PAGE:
review and testing of coolers AeroCool SilverWind and Xfire

review and testing of coolers AeroCool SilverWind and Xfire

In the nominal operating mode, the heat dissipation of modern Intel Core 2 Duo processors and, believe it not, Quad is not great at all, so that it is obligatory to install on it cooling systems, alternative to the standard or so-called “boxed” coolers supplied with the processors. Moreover, even overclocking Core processors to impressive frequencies (over 3.4 ~ 3.6 GHz) does not require the installation of Supercoolers, which we regularly test. The only exceptions are processors of old steppings (B3, for example), which really require highly efficient air cooling systems, and even better liquid ones.

Of course, if you need to squeeze “all the juices” out of your processor in the air, then you cannot do without some Thermalright Ultra-120 eXtreme, since the processors of the Core family readily respond to an increase in the voltage on the core (s), which immediately affects on the growth of their heat release. Only now, not everyone needs such extreme overclocking. From my experience of communicating in conferences, I will say that there is a category of overclockers for whom it is enough not to overclock the processor too much, despite the fact that the standard Intel cooler is no longer enough for this, or it simply does not suit the noise level. It is in this case that such budget models come to the rescue as
Cooler Master Hyper TX(2)
, Titan TTC-NK32TZ or new line from GlacialTech. That is, cheap, efficient enough and not too loud.

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Nevertheless, two new cooling systems released by AeroCool Advanced Technologies (AAT), which is not yet very well known in our country, cannot be attributed to this price segment. Since 2001, the company has been actively developing and promoting its cooling systems on the market, having in its assortment both inexpensive budget models of coolers for processors and video cards, and (until recently) top solutions, such as
AeroCool Dominator
… Unfortunately, the latter has already been discontinued for reasons not explained, so today we will be testing two other expensive coolers: SilverWind and Xfire.

The first participant in today’s tests was named by the company’s marketers quite interestingly – “Silver Wind”, although silver was not used in its design, as it might seem. The cooler itself is depicted on a small cardboard box, as well as its technical characteristics:

In addition to the cooler, the following components were found in the box:

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announcements and advertisements

  • metal clip for attaching the cooler to motherboards for K8 processors;
  • thermal paste Aero-700;
  • fan speed regulator made in the form of a plug on the rear wall of the case;
  • instructions for step-by-step installation of the cooler.

These are the few components. I will add here that the cooler was produced in Taiwan.

From the very first glance at the cooler, you understand that its design is of great interest:

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The cooler heatsink, with the exception of the copper base, is completely made of aluminum and consists of two parts:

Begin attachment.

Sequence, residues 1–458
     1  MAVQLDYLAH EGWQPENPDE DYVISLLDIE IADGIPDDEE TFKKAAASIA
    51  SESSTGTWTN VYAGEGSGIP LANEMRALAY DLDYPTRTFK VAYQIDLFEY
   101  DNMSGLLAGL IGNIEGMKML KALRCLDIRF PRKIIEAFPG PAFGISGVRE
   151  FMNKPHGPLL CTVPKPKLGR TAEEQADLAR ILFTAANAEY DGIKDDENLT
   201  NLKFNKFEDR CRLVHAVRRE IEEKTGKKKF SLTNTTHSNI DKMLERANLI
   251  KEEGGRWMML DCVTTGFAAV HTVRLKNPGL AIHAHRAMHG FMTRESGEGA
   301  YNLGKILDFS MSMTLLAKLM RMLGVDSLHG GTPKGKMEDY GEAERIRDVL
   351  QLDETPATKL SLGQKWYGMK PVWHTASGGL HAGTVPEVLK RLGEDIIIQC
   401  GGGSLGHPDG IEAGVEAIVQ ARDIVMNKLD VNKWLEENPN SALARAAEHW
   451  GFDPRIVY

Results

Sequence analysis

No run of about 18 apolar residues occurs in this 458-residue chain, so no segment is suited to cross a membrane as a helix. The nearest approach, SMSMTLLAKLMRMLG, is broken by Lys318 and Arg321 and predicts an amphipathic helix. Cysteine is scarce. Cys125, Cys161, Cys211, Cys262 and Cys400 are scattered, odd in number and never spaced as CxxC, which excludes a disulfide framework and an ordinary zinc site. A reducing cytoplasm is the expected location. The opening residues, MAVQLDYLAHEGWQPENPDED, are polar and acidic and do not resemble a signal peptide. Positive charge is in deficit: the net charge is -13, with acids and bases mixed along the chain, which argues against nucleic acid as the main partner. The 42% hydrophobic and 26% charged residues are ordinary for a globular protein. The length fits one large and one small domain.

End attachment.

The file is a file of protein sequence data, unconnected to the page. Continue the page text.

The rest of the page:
The lower part resembles a part of a boxed cooler from Intel processors with the same radial fins, but with a notch in the middle for a clip for motherboards with Socket 754/939/940 and AM2 sockets. Two copper heat pipes with a diameter of 6 mm pass through the copper base of this radiator, on which, in turn, 104 aluminum plates of the second tier of the radiator are strung:

The cooler’s dimensions are small and are only 130 mm in height and 95 mm in its maximum diameter.

At the same time, the cooler weighs 560 grams, so the AeroCool SilverWind seems to be unusually light after the copper Scythe Ninja.

The radiator fins in the upper tier have a rather bizarre shape, somewhat reminiscent of either swirling metal from the wind (in – said 🙂), or sea waves:

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Inside this very second tier, directly above the lower radiator, there is a 92-mm fan impeller with transparent blades. Its rotation speed is adjustable from ~ 1700 to ~ 2700 rpm with an air flow of 42.36 ~ 60.38 CFM and a noise level of 17.99 ~ 28.91 dBA.

Schematically, the air flow movement of the AeroCool SilverWind cooler looks like this:

That is, the fins on the heat pipes in the second tier are cooled by the incoming air flow from the fan, while the lower radiator is cooled by the outgoing air flow.

The surface of the cooler base is made on a solid four

There are also no complaints about its evenness, verified by the imprint of thermal paste on the glass.

A plate with standard plastic clips for motherboards with LGA 775 socket is already screwed to the base of the cooler:

Thus, the whole process of installing a cooler on a platform for Intel processors (Socket 478 is not supported) is reduced to pressing these latches into the near-socket holes of the board. To install AeroCool SilverWind on platforms with K8 processors, the mount must be unscrewed, and the supplied mounting clip must be inserted into the lower radiator, which then hooks onto a standard plastic frame. In no case will you have to remove the motherboard from the case of the system unit.

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Inside the case of the system unit, the cooler is compact and does not interfere with the elements of the near-socket space:

Well, at night, the light of the original white backlight of the AeroCool SilverWind fan will brighten up the sometimes not always successful overclocking process:

The cost of AeroCool SilverWind is recommended at the level 49 dollars, which is insanely expensive for aluminum on two tubes, no matter how bizarre they are embodied.